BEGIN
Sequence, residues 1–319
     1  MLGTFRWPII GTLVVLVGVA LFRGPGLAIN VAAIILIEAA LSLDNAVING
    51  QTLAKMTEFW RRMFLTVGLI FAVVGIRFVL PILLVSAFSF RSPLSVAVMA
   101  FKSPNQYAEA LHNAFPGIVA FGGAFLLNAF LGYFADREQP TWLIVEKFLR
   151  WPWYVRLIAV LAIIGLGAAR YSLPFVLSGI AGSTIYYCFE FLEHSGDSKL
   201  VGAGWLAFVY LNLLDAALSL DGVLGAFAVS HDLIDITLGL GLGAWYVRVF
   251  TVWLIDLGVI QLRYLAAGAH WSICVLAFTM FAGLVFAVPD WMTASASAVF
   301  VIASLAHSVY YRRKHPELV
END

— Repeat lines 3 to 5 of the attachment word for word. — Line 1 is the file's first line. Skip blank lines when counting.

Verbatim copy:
    51  QTLAKMTEFW RRMFLTVGLI FAVVGIRFVL PILLVSAFSF RSPLSVAVMA
   101  FKSPNQYAEA LHNAFPGIVA FGGAFLLNAF LGYFADREQP TWLIVEKFLR
   151  WPWYVRLIAV LAIIGLGAAR YSLPFVLSGI AGSTIYYCFE FLEHSGDSKL